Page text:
Wednesday, November 18, 2009

More about the dark moment--

Murph, in a really good comment-- the whole comment thread is helpful, so hie thee to it!-- asks if the decision/choice made in the dark moment is a "right or wrong" choice--

Well, right, wrong, I don't want to be judgmental. :) But for this person to resolve the internal issue (fear of whatever, lack of trust, etc), he/she probably needs to choose some course or action which forces the overcoming of that. If he can't trust, he chooses to trust. If she can't commit, she chooses to commit.

The clever part is... when this is exactly what's needed to give the power to resolve the external problem in the climax-- when trusting brings a new ally, say.

Let's think about possible dark moment choices that are "wrong" in the sense that they do violate some common morality. I'm thinking of the woman who is utterly dedicated to honesty, always tells the truth, no matter what the cost-- and then, in the dark moment, decides she had to lie to save someone or protect something important.

p.s. If you're new to this blog, please note that the comments on posts are often more interesting than the posts themselves. :) So if a post subject interests you, always check the comments! The commenters often provide great insight and sharp examples.


Jordan McCollum said...

Your example reminds me of Heart of Darkness, though that's really the conclusion and not the dark moment.

I like your example, but I think I tend to write dark moments where characters choose to do the right thing, but it's still wrong for whatever reason. In one of my MSs, the hero finally tells the truth at the dark moment (this is the priest spy from way back when—he confronts the killer, gets the confession, then realizes the heroine heard the whole thing). He had lots of opportunities to tell her the truth, and he came close, but he never did—and once she knows the truth, she's furious that he could torment her pointlessly.

I was actually just studying your old articles on the internal journey and Emotional turning points for help in my blog miniseries on character arcs, and it seems that they relate really well to this, too.

Edittorrent said...

The Sons of Anarchy example I gave above has her doing that-- telling the truth though it hurts. But what I find interesting... it's "wrong" by her value system. Hmm. Should post about that!

It's right by OUR value system (telling the truth).

Livia Blackburne said...

I'm not contributing any brilliant insight here, but just wanted to say it's great that you're giving a shoutout to your commenters. I think you're being too modest, but I totally identify with the "my commenters are awesome" feeling. I often feel like the commenters on my blog put me to shame :-) But great comment discussion is the most rewarding part of blogging, I think...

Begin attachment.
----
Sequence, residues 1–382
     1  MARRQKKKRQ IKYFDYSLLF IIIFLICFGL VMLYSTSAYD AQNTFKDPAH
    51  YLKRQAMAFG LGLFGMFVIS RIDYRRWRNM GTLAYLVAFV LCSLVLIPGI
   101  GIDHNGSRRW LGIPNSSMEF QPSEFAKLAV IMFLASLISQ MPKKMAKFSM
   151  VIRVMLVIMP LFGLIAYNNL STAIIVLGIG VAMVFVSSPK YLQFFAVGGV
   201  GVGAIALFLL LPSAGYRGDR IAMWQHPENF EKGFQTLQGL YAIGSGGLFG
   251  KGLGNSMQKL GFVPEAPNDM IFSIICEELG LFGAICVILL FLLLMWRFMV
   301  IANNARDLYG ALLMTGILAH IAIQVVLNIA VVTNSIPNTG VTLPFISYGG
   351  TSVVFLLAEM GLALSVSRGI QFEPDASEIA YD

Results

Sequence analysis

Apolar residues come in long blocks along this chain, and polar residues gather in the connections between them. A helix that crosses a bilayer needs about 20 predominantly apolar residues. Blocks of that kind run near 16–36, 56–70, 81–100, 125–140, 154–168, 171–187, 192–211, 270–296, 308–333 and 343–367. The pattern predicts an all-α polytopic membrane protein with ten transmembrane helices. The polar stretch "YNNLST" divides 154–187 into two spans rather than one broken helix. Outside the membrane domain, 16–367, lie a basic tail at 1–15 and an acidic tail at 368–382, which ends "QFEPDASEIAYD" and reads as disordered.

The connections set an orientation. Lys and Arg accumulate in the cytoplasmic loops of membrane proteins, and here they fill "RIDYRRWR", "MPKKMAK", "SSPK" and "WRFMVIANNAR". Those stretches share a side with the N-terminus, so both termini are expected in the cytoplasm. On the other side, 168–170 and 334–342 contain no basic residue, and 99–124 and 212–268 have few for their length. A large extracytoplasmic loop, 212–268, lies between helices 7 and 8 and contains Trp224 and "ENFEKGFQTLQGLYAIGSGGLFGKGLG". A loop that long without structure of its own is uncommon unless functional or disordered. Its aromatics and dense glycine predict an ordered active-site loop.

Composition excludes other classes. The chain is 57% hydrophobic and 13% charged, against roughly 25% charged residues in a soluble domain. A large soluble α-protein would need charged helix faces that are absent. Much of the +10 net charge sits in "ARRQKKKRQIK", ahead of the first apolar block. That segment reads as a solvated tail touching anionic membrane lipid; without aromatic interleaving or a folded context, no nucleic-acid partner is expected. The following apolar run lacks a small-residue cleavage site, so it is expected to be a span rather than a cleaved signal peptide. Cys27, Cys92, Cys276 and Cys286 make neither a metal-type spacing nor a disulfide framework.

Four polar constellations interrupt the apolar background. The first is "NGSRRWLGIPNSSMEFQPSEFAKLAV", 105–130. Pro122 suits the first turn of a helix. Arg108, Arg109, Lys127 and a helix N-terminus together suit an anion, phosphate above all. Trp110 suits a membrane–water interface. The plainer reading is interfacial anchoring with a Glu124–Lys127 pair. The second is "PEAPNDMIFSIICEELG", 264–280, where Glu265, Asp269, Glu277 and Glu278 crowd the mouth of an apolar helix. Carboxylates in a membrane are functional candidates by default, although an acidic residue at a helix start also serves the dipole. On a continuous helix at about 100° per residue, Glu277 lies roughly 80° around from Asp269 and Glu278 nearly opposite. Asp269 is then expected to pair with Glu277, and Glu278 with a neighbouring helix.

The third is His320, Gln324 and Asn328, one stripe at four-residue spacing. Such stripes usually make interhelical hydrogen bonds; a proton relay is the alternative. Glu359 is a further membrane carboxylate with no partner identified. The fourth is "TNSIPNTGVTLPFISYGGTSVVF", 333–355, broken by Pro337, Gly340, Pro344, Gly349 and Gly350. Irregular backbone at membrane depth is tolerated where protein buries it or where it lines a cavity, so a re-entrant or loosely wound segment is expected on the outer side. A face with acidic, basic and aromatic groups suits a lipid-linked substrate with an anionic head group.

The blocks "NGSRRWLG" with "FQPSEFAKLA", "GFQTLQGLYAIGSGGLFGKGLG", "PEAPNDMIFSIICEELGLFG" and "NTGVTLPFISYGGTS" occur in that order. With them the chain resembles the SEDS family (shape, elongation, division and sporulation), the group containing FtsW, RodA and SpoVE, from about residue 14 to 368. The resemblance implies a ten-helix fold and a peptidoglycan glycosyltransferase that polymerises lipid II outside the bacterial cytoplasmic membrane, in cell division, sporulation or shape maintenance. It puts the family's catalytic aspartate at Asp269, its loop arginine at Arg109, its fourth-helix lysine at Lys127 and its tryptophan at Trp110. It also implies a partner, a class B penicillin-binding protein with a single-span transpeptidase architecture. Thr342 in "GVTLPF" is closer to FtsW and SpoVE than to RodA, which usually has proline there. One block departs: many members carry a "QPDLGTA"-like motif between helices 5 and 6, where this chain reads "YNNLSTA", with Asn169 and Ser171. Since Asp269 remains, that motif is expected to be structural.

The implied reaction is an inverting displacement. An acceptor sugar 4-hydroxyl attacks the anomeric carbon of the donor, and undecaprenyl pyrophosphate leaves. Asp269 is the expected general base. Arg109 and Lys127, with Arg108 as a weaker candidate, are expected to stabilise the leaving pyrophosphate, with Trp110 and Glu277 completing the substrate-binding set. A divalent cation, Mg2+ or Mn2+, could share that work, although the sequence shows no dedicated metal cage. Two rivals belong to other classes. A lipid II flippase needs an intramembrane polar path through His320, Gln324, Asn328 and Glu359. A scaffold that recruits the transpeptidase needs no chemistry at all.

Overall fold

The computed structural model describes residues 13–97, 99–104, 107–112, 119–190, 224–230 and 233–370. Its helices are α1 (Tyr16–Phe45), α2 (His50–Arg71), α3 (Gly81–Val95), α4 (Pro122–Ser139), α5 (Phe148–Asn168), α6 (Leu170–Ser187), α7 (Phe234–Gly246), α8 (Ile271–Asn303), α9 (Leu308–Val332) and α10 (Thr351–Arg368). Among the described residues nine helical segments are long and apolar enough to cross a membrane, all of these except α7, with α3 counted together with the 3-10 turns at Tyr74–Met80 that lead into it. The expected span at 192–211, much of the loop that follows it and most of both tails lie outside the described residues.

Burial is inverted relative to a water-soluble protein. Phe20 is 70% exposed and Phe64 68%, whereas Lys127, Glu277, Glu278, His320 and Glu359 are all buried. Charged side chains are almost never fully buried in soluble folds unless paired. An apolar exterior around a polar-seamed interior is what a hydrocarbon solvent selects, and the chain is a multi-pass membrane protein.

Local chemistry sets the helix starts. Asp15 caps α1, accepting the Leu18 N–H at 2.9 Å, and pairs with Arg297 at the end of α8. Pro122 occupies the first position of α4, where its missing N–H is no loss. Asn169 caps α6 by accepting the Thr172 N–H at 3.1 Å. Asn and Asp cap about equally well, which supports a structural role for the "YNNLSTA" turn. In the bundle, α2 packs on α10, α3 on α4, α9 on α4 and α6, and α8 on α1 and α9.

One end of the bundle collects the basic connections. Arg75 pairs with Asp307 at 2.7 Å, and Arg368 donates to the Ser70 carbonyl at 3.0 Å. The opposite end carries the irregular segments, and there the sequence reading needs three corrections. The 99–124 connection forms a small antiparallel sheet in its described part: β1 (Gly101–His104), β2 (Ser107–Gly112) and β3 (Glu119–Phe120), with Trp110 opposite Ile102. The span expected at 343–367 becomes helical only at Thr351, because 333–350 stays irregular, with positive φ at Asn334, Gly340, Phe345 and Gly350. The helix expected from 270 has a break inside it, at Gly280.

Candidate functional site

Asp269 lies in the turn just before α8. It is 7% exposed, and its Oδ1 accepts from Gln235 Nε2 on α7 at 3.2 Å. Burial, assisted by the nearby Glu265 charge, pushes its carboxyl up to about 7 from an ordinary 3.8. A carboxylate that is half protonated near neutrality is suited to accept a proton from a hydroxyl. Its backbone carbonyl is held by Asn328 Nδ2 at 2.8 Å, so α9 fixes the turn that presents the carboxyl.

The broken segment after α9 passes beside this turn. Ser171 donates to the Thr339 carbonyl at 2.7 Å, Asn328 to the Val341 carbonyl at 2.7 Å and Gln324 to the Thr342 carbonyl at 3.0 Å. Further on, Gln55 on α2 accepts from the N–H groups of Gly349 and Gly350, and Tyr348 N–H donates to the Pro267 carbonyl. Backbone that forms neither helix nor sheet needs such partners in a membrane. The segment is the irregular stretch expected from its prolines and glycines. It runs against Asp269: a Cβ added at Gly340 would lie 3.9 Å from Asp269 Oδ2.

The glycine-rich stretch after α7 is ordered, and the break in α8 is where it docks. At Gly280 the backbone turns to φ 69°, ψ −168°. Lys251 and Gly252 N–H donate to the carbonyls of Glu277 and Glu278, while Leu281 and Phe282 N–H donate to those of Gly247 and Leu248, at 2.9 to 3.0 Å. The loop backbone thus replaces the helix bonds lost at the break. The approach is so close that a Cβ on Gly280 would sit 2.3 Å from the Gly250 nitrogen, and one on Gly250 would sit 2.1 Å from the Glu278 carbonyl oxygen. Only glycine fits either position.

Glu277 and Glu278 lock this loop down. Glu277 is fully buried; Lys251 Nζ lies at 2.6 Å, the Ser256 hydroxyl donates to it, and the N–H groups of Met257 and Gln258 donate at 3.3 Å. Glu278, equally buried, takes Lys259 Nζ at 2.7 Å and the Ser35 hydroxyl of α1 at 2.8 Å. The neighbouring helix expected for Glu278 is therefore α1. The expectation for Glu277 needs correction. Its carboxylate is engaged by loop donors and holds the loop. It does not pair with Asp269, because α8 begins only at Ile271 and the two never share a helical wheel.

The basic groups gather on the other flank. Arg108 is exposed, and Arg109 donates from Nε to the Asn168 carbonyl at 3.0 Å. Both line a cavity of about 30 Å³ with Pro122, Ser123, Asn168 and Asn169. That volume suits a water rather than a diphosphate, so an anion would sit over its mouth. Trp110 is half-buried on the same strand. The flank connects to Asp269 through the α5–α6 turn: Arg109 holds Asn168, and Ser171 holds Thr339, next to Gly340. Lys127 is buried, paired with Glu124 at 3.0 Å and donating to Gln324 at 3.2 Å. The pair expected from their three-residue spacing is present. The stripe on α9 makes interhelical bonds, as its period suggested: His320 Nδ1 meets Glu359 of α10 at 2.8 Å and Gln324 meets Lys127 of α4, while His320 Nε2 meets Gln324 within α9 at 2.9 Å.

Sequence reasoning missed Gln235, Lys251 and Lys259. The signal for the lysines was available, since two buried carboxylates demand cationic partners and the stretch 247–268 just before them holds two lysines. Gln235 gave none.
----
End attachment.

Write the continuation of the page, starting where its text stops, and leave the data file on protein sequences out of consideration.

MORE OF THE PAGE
Edittorrent said...

Livia, yes, I think the commenters say such insightful things! We need to take credit for having great commenters. :)

Riley Murphy said...

Hi Jordan! Is that the villain Murphy, at work again?:)

Well, being the romance junkie that I am, I would have to say - the heroine choosing to sacrifice her virtue for a need for someone/something else at the expense of something she's always wanted - but in the dark moment the heroine discovers that she's given a choice - a reprieve. She can have what she wants without the sacrifice...but by this point have her needs changed and is it that simple?

Example: Okay, say she's agreed to give her brother's enemy her innocense in exchange for him not taking her siblings inheritance away - even though she knows this will ruin any future she has of landing a husband (the one and only thing she’s desired since she was a child). The enemy agrees, but he wants to get to know her first. During this time she learns things about the man her brother hates - and she learns things about herself, too. By the time they actual get to consummating the exchange the enemy respects her too much to make her go through with it. He graciously stops himself in the heat of the moment (now, that's some good fiction there, eh?:D) and tells her she doesn't have to do this. He won't press the issue of her brother's inheritance either, and she's free to go if she wants to. But she doesn't. She’s honest enough to admit to herself in that moment that being with him is what SHE wants - not for an exchange or payment of any kind - she just wants him. So, now instead of her marriageability being in jeopardy because of a sacrifice - it's in jeopardy solely because of her own need and desire. And too, the man she's always regarded as the enemy is now redeemed in her eyes. In fact it's her selfish, stupid brother who's going to be called on the carpet for getting him and her into this mess to begin with! But, um, not until after she has her fun.;)


Unknown said...


What about a MC lying about being pregnant and the dark moment she has to reveal that she's not. She's lied to trick the hero into marriage and decides, after personal growth to tell him the truth before the wedding. The risk is losing him.

Hi Murphy! No names in your example? I miss old Rudely Studwell.:(

Edittorrent said...

Babs, Tess of the D'Urbervilles has a scene like that, where the heroine gives the guy (no hero, big jerk) a letter that explains her checkered past, and she thinks he's read it and loves her anyway, and in fact, he never read it. And when he finds out later, bad news. It's a tragedy, so it doesn't work out well.

But she did try. :(